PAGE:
3.2. Postnatal Care
From the moment of birth, postnatal visits are an opportunity to help caregivers form a relationship with their child, create a safe home environment, and care for their child during the vulnerable postnatal period.
3.3. Well-child Care
As children grow, regular check-ups are an opportunity to model and introduce caregiving practices that can keep the child healthy and developing well. They are also an opportunity for caregivers to share and get help with their concerns regarding parenting or their own well-being.
3.4. Sick-child Care and Follow-up
When a child is sick, sick-child care and follow up is an opportunity to support caregivers to manage childhood illness responsively. Caregivers can be shown how to notice and respond to signs of pain, discomfort, or illness and asked how they are feeling and coping with their child’s illness.
3.5. Nutritional Rehabilitation
When children are undernourished, nutritional rehabilitation services are an opportunity to show parents how to feed responsively, introduce age-appropriate play activities, and problem-solve with the family how to access and prepare nutritious food at home.
Annex 1. Additional Reading on Nurturing Care
This Annex provides a selection of materials for further reading on nurturing care to facilitate implementation of the Nurturing Care Framework.
Annex 2. Training Resources to Develop the Skills of Providers
This Annex lists theoretically strong, evidence-based and tested training packages to support the skills needed to implement the suggestions in the Practice Guide.
Annex 3. Strengthening Nurturing Care and Support to Caregiver Well-being across the Three Levels of Support
This Annex provides an overview of universal, targeted and indicated support and provides illustrative examples of how providers can support caregivers’ practices and well-being in the context of each level.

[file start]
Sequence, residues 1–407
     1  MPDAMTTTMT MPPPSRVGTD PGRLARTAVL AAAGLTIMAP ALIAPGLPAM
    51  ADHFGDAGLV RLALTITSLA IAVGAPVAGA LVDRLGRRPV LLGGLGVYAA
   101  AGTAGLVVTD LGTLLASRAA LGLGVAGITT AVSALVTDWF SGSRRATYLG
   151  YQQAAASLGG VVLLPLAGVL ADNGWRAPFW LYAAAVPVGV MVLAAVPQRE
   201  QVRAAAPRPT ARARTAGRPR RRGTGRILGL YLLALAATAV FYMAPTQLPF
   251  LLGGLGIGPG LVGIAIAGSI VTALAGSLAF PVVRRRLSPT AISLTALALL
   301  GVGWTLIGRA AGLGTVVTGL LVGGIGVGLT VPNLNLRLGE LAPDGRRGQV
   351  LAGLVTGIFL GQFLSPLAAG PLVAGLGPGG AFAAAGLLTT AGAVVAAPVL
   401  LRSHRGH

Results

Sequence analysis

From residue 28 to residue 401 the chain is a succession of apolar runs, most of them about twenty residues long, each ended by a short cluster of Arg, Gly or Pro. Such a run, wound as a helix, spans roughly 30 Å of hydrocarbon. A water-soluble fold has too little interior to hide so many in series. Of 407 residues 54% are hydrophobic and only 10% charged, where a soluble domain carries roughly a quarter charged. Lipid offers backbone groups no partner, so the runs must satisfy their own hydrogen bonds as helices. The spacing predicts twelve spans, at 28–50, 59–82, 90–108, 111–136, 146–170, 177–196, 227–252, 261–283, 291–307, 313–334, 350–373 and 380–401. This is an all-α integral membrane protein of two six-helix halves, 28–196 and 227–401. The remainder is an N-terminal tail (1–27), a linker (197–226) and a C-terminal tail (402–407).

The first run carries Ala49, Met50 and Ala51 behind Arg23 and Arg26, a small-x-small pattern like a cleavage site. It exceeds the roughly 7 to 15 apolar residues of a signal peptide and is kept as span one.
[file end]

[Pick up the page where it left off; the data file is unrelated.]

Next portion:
Examples of Caregiver Practices Related to Nurturing Care and Provider Support for Caregivers
For caregivers to provide nurturing care they must master a number of caregiving practices. This Table selects just a few that, with support, enable caregivers to be more responsive, better recognize daily opportunities to help their children learn, and maintain a safe environment that protects the growing child.
Skills Providers Need to Strengthen Caregiver Practices for Nurturing Care
For service providers to focus on all components of nurturing care they require new skills, for example, to observe the quality of interactions between caregivers and their children, and to reinforce greater responsiveness. This Table lists the skills providers will require for interpersonal communication, to strengthen caregiver practices, and to support caregiver well-being.
What Managers Can Do to Enable Providers to Strengthen Nurturing Care
For service providers to focus on all components of nurturing care, they need support from their managers. This Table lists actions managers can take to enforce supportive policies, space, tools and time for service providers to work with families in hospitals, health facilities, community spaces, and humanitarian settings.